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IT service catalog not always necessary in a shared IT environment
This article is part of the March 2012 Volume 12 issue of CIO Decisions
At Liberty Diversified International Inc., which owns businesses in places as far-flung as Taiwan that range from paper manufacturing and office supplies to advertising, every IT resource that can be virtualized is. "The goal is to share as much of the systems as we can," said Alla Johnson, CIO since June at the Minneapolis-based holding company. A Multiprotocol Label Switching, or MPLS, wide area network connects most of Liberty Diversified's company locations. ERP systems are delivered primarily via tools from Citrix Systems Inc. Windows and Linux servers are on VMware. Johnson uses IBM BladeCenter technology to support that environment, and has a Dell Inc. Compellent SAN for storage. One thing Johnson doesn't use in her shared services shop? A traditional service catalog. "There was an attempt at a catalog about five years ago. The business didn't buy into it," she said. Instead, she is developing a strategic plan that lays out the services that will be available over the next three years and when they will be implemented. ...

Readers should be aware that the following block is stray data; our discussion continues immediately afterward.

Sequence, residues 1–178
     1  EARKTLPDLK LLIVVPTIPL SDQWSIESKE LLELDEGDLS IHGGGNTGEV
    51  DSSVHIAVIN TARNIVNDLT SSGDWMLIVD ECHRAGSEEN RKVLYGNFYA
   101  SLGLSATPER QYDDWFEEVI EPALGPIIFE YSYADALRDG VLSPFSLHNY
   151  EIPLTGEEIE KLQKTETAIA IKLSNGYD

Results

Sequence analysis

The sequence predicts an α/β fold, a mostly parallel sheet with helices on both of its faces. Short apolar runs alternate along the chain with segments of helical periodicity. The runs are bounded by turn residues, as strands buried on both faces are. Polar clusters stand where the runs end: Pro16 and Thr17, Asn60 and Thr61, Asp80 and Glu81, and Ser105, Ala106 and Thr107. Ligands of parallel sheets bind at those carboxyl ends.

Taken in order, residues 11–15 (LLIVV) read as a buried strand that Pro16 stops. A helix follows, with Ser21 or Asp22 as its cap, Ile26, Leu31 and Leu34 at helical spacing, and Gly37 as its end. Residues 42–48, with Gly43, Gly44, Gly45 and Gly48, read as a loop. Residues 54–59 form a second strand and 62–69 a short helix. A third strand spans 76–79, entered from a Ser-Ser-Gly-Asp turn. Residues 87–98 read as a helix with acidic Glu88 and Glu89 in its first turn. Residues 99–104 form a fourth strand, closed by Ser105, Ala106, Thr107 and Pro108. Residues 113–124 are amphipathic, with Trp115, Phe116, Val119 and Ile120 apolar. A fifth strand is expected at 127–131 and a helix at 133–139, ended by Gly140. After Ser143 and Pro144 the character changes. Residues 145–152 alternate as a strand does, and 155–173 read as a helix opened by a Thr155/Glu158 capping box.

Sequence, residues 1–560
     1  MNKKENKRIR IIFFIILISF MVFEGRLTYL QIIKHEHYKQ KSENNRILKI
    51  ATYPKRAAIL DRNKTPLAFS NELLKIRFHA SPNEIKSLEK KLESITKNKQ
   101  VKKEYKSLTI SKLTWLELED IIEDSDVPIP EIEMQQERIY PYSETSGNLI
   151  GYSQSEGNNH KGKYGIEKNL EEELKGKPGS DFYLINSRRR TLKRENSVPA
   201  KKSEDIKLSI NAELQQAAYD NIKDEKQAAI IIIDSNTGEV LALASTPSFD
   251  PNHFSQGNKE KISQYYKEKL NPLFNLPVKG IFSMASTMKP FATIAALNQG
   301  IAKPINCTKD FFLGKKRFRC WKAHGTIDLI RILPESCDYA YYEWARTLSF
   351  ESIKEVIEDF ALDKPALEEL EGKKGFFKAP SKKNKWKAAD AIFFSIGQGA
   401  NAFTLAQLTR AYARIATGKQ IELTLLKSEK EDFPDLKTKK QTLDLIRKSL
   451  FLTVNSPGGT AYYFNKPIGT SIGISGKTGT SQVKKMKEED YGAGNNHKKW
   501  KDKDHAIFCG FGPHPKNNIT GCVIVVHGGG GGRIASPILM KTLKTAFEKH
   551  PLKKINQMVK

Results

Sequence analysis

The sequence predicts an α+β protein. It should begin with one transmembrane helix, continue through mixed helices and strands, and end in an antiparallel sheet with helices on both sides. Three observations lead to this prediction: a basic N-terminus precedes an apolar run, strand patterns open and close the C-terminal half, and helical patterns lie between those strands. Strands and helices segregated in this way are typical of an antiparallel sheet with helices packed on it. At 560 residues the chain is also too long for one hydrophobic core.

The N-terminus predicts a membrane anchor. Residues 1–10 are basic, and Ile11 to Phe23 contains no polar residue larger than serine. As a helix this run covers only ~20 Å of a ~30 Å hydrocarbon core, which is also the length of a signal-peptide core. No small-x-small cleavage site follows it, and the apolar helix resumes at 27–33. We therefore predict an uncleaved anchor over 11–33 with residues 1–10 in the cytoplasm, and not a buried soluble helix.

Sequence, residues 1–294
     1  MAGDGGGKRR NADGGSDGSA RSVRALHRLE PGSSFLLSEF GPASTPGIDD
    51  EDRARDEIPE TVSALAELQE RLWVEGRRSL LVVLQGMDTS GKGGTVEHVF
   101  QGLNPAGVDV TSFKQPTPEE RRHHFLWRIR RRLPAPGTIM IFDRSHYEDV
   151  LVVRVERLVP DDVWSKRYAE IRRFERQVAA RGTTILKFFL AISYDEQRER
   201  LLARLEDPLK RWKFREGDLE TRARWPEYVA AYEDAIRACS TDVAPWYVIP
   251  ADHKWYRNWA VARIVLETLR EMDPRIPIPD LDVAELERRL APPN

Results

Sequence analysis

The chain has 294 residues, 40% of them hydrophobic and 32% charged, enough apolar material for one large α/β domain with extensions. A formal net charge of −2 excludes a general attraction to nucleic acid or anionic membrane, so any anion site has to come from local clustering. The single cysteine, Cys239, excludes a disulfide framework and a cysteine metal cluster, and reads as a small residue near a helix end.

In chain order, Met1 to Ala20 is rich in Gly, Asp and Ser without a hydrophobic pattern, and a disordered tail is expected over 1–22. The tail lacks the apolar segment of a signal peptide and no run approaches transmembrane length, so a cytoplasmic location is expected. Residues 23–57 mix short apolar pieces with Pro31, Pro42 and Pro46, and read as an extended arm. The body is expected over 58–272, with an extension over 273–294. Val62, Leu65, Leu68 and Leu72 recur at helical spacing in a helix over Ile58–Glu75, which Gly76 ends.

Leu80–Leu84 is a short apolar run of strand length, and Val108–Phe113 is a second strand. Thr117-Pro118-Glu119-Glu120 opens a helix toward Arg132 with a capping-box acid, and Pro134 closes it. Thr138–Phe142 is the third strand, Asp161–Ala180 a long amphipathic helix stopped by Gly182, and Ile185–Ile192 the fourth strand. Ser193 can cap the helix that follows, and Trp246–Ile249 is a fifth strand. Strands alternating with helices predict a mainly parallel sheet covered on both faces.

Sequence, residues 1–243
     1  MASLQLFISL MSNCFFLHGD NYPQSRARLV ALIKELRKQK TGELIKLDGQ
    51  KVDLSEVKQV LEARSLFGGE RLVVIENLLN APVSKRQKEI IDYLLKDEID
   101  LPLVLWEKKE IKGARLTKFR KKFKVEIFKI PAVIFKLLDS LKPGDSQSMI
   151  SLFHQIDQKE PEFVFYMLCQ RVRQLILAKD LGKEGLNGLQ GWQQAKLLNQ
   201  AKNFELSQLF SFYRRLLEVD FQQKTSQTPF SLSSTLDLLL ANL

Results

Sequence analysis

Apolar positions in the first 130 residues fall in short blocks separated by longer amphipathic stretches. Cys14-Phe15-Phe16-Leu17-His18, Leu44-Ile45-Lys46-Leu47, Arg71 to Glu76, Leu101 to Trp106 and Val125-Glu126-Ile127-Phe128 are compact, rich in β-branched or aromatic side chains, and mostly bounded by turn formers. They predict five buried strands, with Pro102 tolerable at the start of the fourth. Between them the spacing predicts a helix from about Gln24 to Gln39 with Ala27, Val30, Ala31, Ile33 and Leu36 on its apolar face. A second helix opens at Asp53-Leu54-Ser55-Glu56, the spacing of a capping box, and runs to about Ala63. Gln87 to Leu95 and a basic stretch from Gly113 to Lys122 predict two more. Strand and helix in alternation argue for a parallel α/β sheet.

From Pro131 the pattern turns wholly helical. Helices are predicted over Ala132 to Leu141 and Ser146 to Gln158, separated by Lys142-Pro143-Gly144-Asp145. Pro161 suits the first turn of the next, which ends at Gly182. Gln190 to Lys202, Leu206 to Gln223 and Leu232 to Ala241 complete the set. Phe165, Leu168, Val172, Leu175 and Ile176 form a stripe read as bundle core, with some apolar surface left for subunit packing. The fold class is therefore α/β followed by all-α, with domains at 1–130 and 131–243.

Features in this issue
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News in this issue
For Owens Corning CIO David Johns, a shared services model is key to a low-cost, high-value IT and business services delivery strategy.
Definitions and approaches vary, but IT executives are forging ahead with their own takes on shared services to cut costs and serve customers better.
Shared services in a virtualized cloud computing environment add complexity to developing a service catalog but don't change its basic purpose.